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Mulled wine is a beverage of European origins usually made with red wine along with various mulling spices and sometimes raisins. It is served hot or warm and is alcoholic, although there are non-alcoholic versions of mulled wine. It is a traditional drink during winter, especially around Christmas and Halloween.
Wine was first recorded as spiced and heated in Rome during the 2nd century. The Romans travelled across Europe, conquering much of it and trading with the rest. The legions brought wine and viticulture with them up to the Rhine and Danube rivers and to the Scottish border, along with their recipes.
The Forme of Cury, a medieval English cookery book from 1390, which mentioned mulled wine, says: "Pur fait Ypocras …" grinding together cinnamon, ginger, galangal, cloves, long pepper, nutmeg, marjoram, cardamom and grains of paradise ("spykenard de Spayn", rosemary may be substituted). This is mixed with red wine and sugar (form and quantity unstated).
British mulled wine
Mulled wine is very popular and traditional in the United Kingdom at Christmas, and less commonly throughout winter. Mulled cider (and sometimes mulled ale, traditional yet no longer common) is also served, with a mulled apple juice as a non-alcoholic alternative.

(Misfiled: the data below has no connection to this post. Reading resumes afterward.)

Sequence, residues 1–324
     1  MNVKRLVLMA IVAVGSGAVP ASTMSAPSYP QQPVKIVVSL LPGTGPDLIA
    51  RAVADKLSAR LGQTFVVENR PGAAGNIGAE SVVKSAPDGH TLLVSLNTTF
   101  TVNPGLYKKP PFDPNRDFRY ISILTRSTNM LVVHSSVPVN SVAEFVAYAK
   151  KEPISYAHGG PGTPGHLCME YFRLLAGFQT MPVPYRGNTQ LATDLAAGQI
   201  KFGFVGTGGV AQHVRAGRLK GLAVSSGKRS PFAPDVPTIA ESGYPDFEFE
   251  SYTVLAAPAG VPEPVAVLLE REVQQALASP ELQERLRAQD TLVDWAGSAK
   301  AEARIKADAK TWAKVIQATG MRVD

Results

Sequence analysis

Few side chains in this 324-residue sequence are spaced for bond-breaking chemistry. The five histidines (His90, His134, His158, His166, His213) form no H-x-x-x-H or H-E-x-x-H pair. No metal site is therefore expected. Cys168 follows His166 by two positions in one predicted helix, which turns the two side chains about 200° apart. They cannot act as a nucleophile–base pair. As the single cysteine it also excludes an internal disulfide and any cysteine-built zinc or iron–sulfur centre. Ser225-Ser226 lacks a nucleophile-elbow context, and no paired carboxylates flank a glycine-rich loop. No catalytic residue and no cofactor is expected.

In traditional culture
Over the years the recipe for mulled wine has evolved with the tastes and fashions of the time. One Victorian example of this is Smoking Bishop, mentioned by Charles Dickens but no longer drunk or known in contemporary culture. A more traditional recipe can be found in Mrs Beeton's Book of Household Management at paragraph 1961 on page 929 to 930 of the revised edition dated 1869:
In contemporary culture
In contemporary British culture, there is no specific recipe for mulled wine and the spices involved in its recipe. It is commonly a combination of orange, lemon, cinnamon, nutmeg, fennel seed (or star anise), cloves, cardamom, and ginger. The spices may be combined and boiled in a sugar syrup before red wine is added, heated, and served. Variations include adding brandy or ginger wine. A tea bag of spices can be added to the wine, which is heated along with slices of orange as a convenient alternative to a full recipe. Mulled wine is often served in small (200ml) porcelain or glass mugs, sometimes with an orange slice garnish studded with cloves.